Vibration dampening may be characterized by a dampening factor ζ where:
Where Y1 and Y2 are two amplitudes taken on the free decay curve at times T1 and T2 and f is frequency.
A comparison of dampening factors for a 5000 series monolithic aluminum disk and a typical aluminum silicon disk (27% Si) of the invention is as follows:
Prior Art 5xxx Al Disk
Al—Si Disk of the Invention
The difference in ζ shows that the disk of the invention has a dampening factor 29.9% higher than that of a monolithic aluminum disk of the prior art.
Computer disks formed from the above-disclosed alloys can be spun at a rotational speed of up to 12,000 RPM with a flutter of 10 Å or less. In some embodiments, the flutter at this rotational speed is 5 Å or less, or even 2 Å or less. This level of flutter has heretofore been unattainable and is believed due to the combination of high stiffness and dampening unique to the alloys of the invention.
In addition to producing memory disks, the aluminum silicon alloy of the invention may be used to produce other well known parts of a computer disk drive. For example, an actuator arm can be produced by extrusion of a sintered billet to near net shape by semisolid forging of the billet to net shape, or by forging to near net shape. The advantages of producing an actuator arm with the alloy of the invention includes increased stiffness which minimizes contact of the arm with adjacently spaced disks in the assembled disk hard drive. Also, the disks and the actuator arm have similar or identical coefficients of thermal expansion.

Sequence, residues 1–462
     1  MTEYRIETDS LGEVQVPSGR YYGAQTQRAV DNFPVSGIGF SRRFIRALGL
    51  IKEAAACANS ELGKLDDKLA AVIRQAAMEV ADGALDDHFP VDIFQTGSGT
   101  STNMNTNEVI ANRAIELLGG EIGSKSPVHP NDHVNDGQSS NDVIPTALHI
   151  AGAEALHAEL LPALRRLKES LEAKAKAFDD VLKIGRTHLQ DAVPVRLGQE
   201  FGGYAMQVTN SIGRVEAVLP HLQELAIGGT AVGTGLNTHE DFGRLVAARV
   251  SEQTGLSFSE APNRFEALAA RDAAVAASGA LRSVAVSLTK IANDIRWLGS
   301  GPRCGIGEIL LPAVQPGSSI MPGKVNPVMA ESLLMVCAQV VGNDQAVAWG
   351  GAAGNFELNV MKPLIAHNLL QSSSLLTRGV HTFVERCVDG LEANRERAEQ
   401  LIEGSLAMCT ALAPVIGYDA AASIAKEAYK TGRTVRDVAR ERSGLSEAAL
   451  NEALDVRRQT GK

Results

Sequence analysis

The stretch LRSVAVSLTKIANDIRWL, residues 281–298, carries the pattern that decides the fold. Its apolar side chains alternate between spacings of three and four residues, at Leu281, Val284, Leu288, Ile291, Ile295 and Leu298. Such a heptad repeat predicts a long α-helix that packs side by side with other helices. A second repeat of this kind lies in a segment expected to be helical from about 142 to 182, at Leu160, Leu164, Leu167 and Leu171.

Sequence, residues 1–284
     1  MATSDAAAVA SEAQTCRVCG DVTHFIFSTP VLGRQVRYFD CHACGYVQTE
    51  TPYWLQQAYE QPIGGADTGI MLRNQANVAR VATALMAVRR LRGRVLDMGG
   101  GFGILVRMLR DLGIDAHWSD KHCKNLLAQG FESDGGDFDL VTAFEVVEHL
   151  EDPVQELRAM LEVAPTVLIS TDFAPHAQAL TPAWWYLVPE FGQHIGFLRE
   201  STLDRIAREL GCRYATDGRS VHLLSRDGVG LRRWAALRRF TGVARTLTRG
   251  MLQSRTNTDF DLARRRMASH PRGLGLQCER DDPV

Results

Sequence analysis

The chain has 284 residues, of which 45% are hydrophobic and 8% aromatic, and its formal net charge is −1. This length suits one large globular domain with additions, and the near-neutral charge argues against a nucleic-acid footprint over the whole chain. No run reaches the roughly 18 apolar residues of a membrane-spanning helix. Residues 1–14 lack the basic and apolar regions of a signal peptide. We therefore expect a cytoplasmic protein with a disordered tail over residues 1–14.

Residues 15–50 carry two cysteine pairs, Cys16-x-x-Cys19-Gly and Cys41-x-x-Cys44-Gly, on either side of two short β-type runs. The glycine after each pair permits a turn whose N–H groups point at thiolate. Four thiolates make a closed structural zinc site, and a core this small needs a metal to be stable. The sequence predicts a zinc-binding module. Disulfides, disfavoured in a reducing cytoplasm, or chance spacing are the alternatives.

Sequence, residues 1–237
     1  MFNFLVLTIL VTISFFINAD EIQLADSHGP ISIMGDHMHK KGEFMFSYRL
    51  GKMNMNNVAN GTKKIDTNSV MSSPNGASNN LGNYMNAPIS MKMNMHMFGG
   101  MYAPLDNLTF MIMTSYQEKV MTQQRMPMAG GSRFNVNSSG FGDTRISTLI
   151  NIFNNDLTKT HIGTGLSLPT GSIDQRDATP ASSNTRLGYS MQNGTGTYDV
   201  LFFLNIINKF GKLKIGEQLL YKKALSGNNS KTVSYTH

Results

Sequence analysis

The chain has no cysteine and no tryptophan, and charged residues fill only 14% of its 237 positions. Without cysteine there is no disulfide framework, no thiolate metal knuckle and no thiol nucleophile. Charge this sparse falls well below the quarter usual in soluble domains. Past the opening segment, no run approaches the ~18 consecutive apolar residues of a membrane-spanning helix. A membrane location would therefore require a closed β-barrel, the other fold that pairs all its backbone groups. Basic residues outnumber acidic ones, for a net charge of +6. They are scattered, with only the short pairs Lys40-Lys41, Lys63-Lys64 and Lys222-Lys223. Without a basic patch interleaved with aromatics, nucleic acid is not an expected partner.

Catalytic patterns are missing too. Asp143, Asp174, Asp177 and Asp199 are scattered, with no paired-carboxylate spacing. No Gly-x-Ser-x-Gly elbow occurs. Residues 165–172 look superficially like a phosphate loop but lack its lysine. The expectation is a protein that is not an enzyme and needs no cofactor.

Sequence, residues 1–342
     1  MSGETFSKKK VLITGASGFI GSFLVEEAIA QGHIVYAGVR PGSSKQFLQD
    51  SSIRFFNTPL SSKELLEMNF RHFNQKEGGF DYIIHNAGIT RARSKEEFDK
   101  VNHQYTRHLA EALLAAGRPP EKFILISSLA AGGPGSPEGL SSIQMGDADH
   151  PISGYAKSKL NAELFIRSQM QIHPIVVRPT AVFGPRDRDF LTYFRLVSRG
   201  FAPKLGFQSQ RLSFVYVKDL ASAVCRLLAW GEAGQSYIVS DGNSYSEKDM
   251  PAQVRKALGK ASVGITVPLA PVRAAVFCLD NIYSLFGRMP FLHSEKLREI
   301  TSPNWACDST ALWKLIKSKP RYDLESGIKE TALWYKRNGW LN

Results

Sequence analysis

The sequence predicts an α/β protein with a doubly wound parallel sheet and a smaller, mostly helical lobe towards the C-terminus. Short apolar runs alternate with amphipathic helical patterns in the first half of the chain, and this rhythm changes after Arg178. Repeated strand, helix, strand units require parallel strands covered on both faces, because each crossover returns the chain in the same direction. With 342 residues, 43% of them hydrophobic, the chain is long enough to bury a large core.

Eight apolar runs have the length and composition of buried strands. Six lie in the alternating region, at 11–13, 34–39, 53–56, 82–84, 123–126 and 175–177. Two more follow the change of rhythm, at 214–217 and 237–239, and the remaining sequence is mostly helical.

The following example illustrates the invention.
A prealloyed A126Si4CulMg aluminum alloy powder is used to prepare a memory disk. The silicon content is capable of obtaining a 14.5 MPSI modulus of elasticity (stiffness) which is slightly better than the “glass” alternative substrate material and is 45% stiffer than monolithic 5XXX alloy materials. Urethane elastomeric tooling is used to manufacture a 9.00″ dia×14.00″ L extrusion billet. This tooling includes a urethane bag, perforated stainless steel basket (to support the urethane bag), urethane top closure evacuation tube, latex banding tape, and sealing clamp. The urethane bag is placed inside the perforated stainless steel basket and the mold is filled with the atomized prealloyed aluminum powder. The mold is vibrated and the powder is tamped, followed by evacuation to less than 28 inches Hg vacuum.